How can you participate? Individual lights may be purchased on the Tree in memory of a loved one. Lights are $1, and you may purchase as many as you wish, including more than 1 light per individual. Names of those being remembered will be published, and also posted at the Town Clerk’s Office. Those having more than one bulb purchased will be indicated in this manner: John Doe (3), Jane Doe (2).


December 4th- To be assured of inclusion in the reading of the names ceremony and the Town Report, we need to receive your names and check no later than December 4th. This annual event benefits the Fire Department, adds a beautiful lighted tree to the community and allows you to remember a loved one in a meaningful way. This event has come to provide a “coming together” of the community for an evening of remembering and celebrating.

Mark Your Calendars – Join us at the Fire Station for the tree-lighting ceremony on Sunday, December 8th, at 4:00 p.m. Refreshments will be provided. We hope your family will attend and take part in the brief ceremony. If you would like to be involved (music, bake cookies, serving, etc.) contact Stacey Freeguard (623-6065) or Chief Steve White (462-2336).

PLEASE RETURN THIS FORM BEFORE December 4th to ensure inclusion of a light and a name to the published list.

Make checks payable to: Whiting Fire Department. Send to Stacey Freeguard, 254 Stickney Rd. Whiting, VT, 05778.

Indicate the name(s) and how many light bulbs you would like in that name. $1 for each bulb purchased. One name per $1, please! Please, no pets.

Don’t Flush It! Brochure

Click here for: Printable Brochure

Most of us are familiar with the damaging effects of phosphate pollution and e. coli contamination in Vermont’s lakes.  Unfortunately, our contribution of pollutants doesn’t end there. The typical Vermont household flushes, pours, spills, or spreads a wide range of other harmful materials and chemicals:

  • Fats, oils, and greases (FOGs) such as bacon grease and frying oils clog pipes, pumps, and tanks;
  • Fibrous materials such as paper towels, tampons, Q-Tips, dental floss, hair, and so-called “flushable” wipes cause treatment system blockages that are expensive to repair;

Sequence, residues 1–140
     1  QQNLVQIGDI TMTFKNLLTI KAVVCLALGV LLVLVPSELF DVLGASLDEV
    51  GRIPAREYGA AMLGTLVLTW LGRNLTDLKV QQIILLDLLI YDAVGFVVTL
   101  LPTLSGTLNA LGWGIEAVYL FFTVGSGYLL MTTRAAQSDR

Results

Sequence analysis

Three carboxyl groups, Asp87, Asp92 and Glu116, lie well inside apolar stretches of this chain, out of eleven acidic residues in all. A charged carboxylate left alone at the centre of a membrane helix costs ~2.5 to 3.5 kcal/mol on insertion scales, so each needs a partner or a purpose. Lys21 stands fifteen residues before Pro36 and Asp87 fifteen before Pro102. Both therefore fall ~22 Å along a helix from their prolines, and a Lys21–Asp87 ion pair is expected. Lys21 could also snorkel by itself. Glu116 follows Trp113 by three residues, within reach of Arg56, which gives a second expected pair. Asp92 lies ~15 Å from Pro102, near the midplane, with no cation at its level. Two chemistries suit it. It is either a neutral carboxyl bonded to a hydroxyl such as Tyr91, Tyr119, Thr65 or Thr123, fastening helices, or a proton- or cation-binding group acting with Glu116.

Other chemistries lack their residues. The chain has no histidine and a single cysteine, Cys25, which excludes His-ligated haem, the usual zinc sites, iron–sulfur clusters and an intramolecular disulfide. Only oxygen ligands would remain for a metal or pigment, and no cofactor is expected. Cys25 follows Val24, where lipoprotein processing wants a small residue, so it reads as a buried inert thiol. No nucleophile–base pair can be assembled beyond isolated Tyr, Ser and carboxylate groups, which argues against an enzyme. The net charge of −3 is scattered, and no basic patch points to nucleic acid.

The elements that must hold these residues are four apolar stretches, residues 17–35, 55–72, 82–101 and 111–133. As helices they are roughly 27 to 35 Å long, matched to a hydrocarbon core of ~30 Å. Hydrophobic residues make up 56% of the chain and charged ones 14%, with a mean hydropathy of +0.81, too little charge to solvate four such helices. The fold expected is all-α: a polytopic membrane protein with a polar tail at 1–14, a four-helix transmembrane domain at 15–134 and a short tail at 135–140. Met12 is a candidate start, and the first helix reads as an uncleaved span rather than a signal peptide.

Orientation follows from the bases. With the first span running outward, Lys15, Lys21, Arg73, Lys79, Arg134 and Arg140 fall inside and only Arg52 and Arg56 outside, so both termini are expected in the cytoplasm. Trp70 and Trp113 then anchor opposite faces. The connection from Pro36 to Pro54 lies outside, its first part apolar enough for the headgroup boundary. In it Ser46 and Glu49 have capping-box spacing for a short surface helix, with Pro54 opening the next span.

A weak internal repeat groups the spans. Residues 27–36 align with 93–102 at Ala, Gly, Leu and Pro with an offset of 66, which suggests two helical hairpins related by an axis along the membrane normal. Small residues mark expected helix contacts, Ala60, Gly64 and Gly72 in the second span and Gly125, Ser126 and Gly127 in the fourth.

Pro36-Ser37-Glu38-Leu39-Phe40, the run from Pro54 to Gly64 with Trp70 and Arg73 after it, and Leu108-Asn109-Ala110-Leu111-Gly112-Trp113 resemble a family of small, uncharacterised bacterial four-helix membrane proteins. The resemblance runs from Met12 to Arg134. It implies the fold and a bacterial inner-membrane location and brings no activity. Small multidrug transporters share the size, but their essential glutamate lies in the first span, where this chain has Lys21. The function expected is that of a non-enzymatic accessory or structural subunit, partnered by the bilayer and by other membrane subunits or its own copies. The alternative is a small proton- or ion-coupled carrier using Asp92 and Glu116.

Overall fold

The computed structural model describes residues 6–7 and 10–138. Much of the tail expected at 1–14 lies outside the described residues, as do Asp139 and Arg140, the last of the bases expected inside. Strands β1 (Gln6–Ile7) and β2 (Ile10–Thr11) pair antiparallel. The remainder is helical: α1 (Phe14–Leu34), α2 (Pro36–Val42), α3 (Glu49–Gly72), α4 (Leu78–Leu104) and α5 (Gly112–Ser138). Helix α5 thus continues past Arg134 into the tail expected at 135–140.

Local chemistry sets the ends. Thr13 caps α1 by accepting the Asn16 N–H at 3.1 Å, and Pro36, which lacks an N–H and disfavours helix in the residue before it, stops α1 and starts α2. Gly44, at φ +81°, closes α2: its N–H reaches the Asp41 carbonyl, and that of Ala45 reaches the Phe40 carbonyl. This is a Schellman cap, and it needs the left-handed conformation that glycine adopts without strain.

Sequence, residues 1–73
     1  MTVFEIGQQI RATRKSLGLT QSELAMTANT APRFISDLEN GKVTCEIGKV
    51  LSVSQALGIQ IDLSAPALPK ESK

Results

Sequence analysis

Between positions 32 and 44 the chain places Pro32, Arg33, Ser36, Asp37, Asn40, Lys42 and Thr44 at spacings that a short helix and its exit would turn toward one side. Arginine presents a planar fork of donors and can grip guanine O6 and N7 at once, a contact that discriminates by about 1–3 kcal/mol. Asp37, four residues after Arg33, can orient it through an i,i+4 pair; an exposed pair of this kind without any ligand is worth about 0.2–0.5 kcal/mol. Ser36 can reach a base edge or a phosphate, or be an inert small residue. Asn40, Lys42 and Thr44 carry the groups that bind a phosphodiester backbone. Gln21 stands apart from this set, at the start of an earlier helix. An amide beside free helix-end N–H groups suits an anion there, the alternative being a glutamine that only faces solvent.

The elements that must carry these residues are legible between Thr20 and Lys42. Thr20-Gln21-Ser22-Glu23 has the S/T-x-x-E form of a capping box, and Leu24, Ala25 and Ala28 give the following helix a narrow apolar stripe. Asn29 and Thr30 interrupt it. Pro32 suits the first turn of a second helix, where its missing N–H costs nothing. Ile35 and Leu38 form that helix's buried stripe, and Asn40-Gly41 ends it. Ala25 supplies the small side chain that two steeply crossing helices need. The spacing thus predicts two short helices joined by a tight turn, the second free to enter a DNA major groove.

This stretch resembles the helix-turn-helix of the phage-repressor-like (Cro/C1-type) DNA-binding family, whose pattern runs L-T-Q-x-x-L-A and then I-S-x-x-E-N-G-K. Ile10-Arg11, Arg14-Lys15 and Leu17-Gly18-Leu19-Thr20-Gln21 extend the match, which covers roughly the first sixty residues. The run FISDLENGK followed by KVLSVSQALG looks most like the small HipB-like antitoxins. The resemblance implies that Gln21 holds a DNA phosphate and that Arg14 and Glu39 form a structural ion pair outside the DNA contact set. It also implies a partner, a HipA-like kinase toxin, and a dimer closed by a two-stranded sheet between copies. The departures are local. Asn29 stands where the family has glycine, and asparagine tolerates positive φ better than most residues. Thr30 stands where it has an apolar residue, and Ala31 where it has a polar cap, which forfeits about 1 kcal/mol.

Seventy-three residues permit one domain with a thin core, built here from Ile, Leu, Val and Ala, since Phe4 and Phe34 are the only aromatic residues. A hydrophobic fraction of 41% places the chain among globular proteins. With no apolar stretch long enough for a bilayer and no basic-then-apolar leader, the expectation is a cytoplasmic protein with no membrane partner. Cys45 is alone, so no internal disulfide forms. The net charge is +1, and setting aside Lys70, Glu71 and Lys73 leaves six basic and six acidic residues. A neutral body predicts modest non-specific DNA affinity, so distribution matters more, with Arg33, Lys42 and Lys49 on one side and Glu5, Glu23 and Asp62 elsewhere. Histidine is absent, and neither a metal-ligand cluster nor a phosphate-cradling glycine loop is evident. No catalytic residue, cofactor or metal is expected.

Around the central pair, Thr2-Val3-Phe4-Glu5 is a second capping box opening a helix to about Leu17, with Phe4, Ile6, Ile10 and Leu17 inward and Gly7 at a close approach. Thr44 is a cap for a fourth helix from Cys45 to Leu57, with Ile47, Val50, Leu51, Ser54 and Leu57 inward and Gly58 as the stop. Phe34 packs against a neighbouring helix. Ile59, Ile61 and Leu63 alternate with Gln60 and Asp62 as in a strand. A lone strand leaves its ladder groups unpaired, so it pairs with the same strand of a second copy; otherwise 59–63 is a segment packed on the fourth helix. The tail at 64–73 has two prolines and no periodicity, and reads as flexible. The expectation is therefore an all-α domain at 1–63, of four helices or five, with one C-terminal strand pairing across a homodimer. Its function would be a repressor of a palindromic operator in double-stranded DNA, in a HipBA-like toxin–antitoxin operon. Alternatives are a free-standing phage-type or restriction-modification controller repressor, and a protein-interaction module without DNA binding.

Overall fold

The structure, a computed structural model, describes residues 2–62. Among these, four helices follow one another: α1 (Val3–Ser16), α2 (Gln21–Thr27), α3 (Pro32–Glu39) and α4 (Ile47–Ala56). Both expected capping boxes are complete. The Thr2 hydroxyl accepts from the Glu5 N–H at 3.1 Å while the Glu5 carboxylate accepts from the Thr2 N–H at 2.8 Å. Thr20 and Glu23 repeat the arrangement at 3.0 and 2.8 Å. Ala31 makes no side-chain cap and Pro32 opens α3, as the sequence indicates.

• Solid objects such as tampon applicators and cigarette butts, and plastic films such as product wrappers also cause clogs;
  • PPCPs – pharmaceuticals and personal care products — such as antibiotics, anti-microbials, birth control pills, insect repellent, hair dyes, and laundry products end up in groundwater, rivers, and lakes, harming aquatic ecosystems;
  • Chemicals used in the garage, lawn, and garden – degreasers, solvents, waxes, paints, antifreeze, fertilizers, insecticides, and weed-killers — wreak havoc in aquatic ecosystems, causing animal deformities and upsetting food chains.  


In homes with private septic systems, these contaminants impair system effectiveness and enter groundwater flow; also, when private septic tanks are pumped, the material is often taken to a municipal plant for treatment (see following).

Homes on town/city sewers release these contaminants directly to the inflows of their public wastewater treatment facilities.  The FOGs and solid materials cause blockages, requiring repairs and costing taxpayers money.  Many of the harmful chemicals cannot be detected or removed by facilities, so too many end up – invisible, but damaging – in our natural waters.

The only remedy is to prevent them from entering the water in the first place.  That means we, as individuals, need to learn what NOT to allow into our wastewater (and stormwater), and how to properly dispose of pollutants.

Thanks to the LCBP grant, GMWEA is now developing a series of four informational brochures, to be sent to every city and town in Vermont.  Delivered to ratepayers with water/sewer bills, the brochures – along with website/blog postings and other media coverage – will inform Vermont households about how to reduce their outputs of ecosystem-damaging chemicals/materials and how to dispose of them properly.